The science classroom is safer when teachers and students are aware of the potential hazards and take necessary and appropriate safety precautions. Teachers and teacher aides should lead by example and wear personal protective equipment, follow and enforce safety rules, procedures, and practices, and demonstrate safety behavior and promote a culture of safety.

Review your school science safety procedures and consider the following:

  • Conduct regular inspections of safety and first aid equipment.
  • Stay up-to-date on current science best practices and approved chemicals.
  • Inventory all chemicals and store them properly. Update the chemical inventory at least annually. Do not store chemicals on the lab bench, the floor, or in the laboratory chemical hood.
  • Ensure chemicals not in use are stored in a locked facility with limited access.
  • Label all secondary containers properly.
  • Establish a chemical disposal program and engage the use of a vendor for appropriate disposal and necessary documentation.
  • Maintain current Safety Data Sheets (SDSs) and know how to read them (new regulations mean new documents will be provided by manufacturers and will now be known as Safety Data Sheets).
  • Know the location of and how to use the cut-off switches and valves for the water, gas, and electricity in the laboratory.
  • Know the location of and how to use all safety and emergency equipment (i.e. safety shower, eyewash, first aid kit, fire blanket, fire extinguishers and spill kits).
  • Provide safety equipment appropriate for each experiment. Make sure students are wearing the appropriate personal protective equipment. Plan for the proper maintenance of personal safety equipment (e.g. goggles shared by students must be sanitized between uses).
  • Identify safety procedures to follow in the event of an emergency/accident. Provide students with verbal and written safety procedures to follow in the event of an emergency/accident.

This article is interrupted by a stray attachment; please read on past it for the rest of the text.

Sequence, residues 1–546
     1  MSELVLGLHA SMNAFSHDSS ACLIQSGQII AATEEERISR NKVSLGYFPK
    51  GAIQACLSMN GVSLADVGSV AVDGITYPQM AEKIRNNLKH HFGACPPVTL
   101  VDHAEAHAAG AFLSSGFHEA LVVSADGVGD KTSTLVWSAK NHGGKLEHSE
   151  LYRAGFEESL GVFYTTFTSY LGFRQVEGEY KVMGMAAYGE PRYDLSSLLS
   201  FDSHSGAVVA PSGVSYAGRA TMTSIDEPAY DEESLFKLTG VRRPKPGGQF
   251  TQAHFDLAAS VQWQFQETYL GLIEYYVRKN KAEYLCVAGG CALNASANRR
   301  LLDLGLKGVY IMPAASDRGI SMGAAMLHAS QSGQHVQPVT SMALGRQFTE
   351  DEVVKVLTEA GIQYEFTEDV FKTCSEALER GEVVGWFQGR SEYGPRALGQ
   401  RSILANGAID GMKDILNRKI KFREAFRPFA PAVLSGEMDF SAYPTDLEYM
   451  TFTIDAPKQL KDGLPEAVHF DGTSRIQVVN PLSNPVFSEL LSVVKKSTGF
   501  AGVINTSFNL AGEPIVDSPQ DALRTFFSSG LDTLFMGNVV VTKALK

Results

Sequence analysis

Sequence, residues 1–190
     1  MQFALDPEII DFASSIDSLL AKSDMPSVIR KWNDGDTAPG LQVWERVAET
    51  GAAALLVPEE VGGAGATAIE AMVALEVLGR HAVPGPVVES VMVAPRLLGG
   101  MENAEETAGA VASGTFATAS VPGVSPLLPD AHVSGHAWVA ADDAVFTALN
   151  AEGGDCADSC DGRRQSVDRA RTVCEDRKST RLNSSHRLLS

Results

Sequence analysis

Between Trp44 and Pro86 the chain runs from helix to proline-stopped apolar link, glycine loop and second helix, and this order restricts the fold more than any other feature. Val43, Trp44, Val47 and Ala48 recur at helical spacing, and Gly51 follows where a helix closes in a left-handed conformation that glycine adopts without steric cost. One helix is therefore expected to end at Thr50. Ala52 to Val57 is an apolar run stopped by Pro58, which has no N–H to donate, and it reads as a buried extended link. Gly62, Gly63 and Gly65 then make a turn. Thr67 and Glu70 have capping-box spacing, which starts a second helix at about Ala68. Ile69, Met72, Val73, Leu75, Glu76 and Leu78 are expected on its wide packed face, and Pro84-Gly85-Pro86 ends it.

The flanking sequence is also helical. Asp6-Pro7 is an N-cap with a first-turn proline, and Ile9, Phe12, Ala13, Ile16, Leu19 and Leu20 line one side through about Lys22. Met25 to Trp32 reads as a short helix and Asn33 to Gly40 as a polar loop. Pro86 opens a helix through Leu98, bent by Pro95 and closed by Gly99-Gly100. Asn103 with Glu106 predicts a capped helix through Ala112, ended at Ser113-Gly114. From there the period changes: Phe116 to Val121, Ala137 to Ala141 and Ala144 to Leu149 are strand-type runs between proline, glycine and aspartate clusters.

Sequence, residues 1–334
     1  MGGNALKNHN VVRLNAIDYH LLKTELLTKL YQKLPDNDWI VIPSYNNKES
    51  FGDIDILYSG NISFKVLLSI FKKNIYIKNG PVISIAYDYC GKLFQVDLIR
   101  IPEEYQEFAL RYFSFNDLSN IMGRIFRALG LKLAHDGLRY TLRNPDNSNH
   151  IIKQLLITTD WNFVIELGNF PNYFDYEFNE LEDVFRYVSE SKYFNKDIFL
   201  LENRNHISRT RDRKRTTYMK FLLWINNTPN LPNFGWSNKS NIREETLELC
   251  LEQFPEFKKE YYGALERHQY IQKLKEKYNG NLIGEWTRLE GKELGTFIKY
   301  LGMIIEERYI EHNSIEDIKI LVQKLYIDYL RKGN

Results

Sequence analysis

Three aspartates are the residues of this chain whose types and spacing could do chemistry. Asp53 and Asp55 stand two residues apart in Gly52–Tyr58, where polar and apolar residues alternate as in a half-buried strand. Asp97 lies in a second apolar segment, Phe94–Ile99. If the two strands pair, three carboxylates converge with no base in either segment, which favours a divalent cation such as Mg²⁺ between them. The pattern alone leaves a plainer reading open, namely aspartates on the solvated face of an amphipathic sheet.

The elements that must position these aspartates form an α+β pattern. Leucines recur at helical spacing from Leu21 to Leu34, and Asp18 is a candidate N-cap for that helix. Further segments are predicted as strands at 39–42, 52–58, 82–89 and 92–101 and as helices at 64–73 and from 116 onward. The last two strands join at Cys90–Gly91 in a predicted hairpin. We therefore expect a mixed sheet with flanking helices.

• Make sure your fume hoods and the emergency shower and eyewash operate correctly.
  • Practice the experiment prior to class demonstrations.
  • Educate students on the location and use of all safety and emergency equipment prior to laboratory activity.
  • Instruct students on all laboratory procedures that will be conducted.
  • Document all safety instruction in the classroom, including topics and dates. Keep student safety agreements and safety tests.
  • Never leave students unsupervised in the laboratory.
  • Never allow unauthorized visitors to enter the laboratory.
  • Never allow students to take chemicals out of the laboratory.
  • Institute a “green chemistry” program into your school that uses smaller quantities and less hazardous chemicals.

A science program presents certain potential hazards. With careful planning, most hazards can be avoided. It is essential for all involved in the science instruction program to develop a positive approach to a safe and healthful environment in the laboratory. Safety and the enforcement of safety regulations and laws in the science classroom and laboratory are the responsibility of the principal, teacher, and student, with each assuming his/her own share. Safety and health should be an integral part of the planning, preparation, and implementation of any science program.